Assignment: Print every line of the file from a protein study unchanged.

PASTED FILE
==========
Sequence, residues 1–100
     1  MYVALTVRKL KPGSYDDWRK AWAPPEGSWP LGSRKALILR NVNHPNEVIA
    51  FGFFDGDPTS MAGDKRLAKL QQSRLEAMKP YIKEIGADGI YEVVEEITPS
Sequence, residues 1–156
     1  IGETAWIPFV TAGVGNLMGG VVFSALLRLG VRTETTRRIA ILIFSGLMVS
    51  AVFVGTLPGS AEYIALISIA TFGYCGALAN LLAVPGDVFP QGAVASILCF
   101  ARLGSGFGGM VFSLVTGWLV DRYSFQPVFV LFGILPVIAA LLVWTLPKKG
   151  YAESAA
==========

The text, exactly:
Sequence, residues 1–100
     1  MYVALTVRKL KPGSYDDWRK AWAPPEGSWP LGSRKALILR NVNHPNEVIA
    51  FGFFDGDPTS MAGDKRLAKL QQSRLEAMKP YIKEIGADGI YEVVEEITPS
Sequence, residues 1–156
     1  IGETAWIPFV TAGVGNLMGG VVFSALLRLG VRTETTRRIA ILIFSGLMVS
    51  AVFVGTLPGS AEYIALISIA TFGYCGALAN LLAVPGDVFP QGAVASILCF
   101  ARLGSGFGGM VFSLVTGWLV DRYSFQPVFV LFGILPVIAA LLVWTLPKKG
   151  YAESAA